I can’t let go of working with teachers to better support kids. If we want teachers to provide excellent instruction for students, we need to give them support. I need to be able to meet with teachers to find out what they need to make their instruction meet the needs of their students.

I can’t let go of working with parents and community members. It takes a team of many individuals with different skill sets and talents to create an excellent school culture. No one can do that alone and working with parents and other community members will be necessary to create a positive school climate and culture.

However,

I will be able let go of time-draining tasks like reading and responding to emails that go on for pages and pages. Chances are there will be a meeting about it anyway.

I will be able let go of being involved with too many activities that take me away from my building. Prioritizing my time and putting my building first will help ensure our progress is maintained.

And I will be able to let go of responsibilities that can be delegated to someone who has a stronger skill set than I do to complete a task. Not every important task or project needs to have direct involvement by the principal. There is a whole building of professionals that I will be able to rely on to get certain jobs done. I will need to rely on those professionals and the strengths they bring to the building.

If you know you need to make something happen in order to improve or enhance the quality of your school, but you aren’t sure how you will make it happen, then something will have to give. Know what your “non-negotiables” are and let them guide you to prioritizing your time and resources towards improving the quality of your school for the students, teachers and families it serves. 

Seeking Balance by Asking Questions #EDAD688

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Education seems to be changing at warp speed.

And it seems like everything is on the table when it comes to what needs to change in education: schedules, grades, lesson delivery, professional development – We are taking a “leave no stone unturned” approach to changing schools and looking into replacing it with self-paced online learning instead of classroom learning, passion projects instead of performance tasks, and PLNs instead of professional development.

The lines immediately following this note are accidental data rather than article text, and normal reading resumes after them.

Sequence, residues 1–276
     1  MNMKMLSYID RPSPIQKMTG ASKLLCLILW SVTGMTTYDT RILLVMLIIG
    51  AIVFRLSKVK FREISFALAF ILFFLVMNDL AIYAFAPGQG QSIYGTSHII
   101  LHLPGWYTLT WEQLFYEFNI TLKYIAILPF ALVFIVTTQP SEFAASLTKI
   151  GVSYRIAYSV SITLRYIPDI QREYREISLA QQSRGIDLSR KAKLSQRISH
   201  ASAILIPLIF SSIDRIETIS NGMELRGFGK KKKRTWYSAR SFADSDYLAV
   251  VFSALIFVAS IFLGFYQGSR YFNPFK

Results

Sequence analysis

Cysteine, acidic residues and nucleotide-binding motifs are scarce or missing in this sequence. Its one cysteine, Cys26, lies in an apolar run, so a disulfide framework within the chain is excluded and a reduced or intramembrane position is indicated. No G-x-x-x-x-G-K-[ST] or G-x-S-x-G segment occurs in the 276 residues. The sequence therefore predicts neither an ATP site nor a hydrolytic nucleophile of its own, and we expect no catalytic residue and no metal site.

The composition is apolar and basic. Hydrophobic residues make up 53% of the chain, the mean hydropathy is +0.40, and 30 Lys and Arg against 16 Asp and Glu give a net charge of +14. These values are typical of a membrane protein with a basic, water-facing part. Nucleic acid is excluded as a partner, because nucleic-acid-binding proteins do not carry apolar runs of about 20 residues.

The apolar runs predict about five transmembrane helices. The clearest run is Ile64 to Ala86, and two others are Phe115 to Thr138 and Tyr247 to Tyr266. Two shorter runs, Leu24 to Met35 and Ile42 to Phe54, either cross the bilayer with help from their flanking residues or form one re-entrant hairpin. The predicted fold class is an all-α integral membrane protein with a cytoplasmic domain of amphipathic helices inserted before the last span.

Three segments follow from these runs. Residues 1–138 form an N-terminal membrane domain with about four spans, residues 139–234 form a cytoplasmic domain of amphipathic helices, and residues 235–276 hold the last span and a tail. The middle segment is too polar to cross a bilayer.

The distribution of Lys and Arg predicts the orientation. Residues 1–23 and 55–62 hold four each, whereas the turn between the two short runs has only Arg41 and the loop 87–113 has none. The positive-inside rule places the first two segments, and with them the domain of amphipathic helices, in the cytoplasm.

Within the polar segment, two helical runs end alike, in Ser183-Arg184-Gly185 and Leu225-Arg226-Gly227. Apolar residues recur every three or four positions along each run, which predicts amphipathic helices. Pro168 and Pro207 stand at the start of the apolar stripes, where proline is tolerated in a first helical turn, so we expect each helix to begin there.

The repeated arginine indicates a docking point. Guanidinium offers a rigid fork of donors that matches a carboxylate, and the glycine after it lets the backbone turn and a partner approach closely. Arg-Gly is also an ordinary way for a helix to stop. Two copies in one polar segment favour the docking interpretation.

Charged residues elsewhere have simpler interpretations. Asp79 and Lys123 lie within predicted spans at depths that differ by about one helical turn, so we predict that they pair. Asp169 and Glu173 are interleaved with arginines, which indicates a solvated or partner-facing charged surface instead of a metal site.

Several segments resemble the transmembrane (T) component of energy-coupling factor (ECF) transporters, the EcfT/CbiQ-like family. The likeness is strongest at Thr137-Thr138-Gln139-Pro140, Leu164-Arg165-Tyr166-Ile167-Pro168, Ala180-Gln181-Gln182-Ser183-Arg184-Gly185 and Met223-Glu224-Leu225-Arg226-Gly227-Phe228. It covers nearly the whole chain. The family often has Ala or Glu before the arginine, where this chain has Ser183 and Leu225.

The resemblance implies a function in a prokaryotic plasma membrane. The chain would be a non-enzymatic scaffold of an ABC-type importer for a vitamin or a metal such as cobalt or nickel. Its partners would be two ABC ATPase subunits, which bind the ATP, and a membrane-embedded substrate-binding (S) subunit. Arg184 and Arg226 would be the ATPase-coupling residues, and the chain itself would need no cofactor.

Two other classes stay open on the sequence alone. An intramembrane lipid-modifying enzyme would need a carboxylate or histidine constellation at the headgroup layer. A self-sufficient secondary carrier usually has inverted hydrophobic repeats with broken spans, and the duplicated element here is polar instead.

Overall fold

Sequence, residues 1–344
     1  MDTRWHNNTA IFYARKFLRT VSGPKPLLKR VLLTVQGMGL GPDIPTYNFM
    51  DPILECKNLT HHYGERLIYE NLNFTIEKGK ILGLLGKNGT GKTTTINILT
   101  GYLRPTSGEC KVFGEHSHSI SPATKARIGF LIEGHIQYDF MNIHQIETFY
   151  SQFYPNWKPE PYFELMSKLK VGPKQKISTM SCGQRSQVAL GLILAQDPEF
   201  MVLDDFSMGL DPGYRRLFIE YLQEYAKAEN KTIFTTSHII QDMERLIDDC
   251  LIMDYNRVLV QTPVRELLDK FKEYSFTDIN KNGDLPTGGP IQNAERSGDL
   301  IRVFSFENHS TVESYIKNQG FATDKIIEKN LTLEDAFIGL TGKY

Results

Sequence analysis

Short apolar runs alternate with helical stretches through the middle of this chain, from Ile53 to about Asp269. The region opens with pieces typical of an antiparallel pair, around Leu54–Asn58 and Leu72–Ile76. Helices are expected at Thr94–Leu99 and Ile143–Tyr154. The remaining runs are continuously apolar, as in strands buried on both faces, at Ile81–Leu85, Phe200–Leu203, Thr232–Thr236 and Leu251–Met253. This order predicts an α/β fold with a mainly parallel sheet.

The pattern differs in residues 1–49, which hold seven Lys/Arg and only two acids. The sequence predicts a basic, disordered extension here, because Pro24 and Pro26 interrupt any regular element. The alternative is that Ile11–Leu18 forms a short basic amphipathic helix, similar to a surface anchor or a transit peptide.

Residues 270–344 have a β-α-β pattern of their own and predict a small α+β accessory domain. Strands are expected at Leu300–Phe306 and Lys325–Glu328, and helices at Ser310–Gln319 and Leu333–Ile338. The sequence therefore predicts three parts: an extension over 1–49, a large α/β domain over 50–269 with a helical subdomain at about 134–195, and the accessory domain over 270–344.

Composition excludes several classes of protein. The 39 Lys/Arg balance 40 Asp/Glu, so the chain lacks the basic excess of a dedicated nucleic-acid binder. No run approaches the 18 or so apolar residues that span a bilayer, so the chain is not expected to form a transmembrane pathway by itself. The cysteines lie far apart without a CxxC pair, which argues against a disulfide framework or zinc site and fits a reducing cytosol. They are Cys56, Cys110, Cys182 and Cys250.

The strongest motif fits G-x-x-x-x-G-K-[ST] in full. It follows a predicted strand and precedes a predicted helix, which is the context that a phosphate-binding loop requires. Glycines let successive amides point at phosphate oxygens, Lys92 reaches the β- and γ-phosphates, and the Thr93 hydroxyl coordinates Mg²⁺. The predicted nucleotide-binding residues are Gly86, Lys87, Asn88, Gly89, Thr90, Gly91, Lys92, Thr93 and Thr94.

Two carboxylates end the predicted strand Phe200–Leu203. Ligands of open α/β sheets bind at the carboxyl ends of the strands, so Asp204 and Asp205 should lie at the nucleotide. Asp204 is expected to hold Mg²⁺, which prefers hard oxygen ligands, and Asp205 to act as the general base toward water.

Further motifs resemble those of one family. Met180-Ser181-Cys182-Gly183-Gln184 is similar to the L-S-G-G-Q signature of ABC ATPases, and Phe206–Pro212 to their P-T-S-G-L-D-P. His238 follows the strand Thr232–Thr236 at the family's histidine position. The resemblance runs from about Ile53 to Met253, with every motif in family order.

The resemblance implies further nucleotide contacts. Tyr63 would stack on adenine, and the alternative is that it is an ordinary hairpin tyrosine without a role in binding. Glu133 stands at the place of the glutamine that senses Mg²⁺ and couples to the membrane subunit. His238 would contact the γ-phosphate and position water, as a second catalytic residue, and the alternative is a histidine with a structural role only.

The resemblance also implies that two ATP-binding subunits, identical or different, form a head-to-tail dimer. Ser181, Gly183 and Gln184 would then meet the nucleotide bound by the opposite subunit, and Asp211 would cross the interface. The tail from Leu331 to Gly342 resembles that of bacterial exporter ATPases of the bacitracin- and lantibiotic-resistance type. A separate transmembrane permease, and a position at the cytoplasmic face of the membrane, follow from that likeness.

This is a great development for students. I like how Ayna Kamenetz explained the latest trends in education: It’s never been a better time to be a learner.

However, I find myself asking questions about some of these changes.

  • Is a 1:1 program good for all students? Even Kindergartners?

  • Is “flipped instruction” the right instructional approach for all students?

  • Should all professional development happen through a PLN?

As a parent of a Kindergartner and a 3rd grader, I can tell you that I would not feel comfortable if my daughters learned everything through passion projects. They still need so many foundational skills such as reading, writing and math that will help them get to a point where they can explore an interest and do it successfully.

A hot topic in education in my district is passion projects and how we need to give students the freedom to learn more about their passions. Companies like Google and FedEx do that for their employees through “20% time” programs and it is yielding results.

But don’t forget, Google calls it 20% time because 80% of the time there is still work to be done.

Kids should explore their interests, but they should also need to learn how to be literate problem-solvers who can navigate and understand content.

And let’s be honest: Passion projects are really an instructional approach. The successful teachers I know are the ones who vary their instructional approaches in response to their students rather than use the same approach for everything.

So for now, I’m going to continue to ask questions about some of the changes being proposed. I’m not ready to throw everything out because we are doing great work with kids even if it’s not “flipped” or passion-based. As we strive for change, I believe we also need to strive for a balanced instructional approach.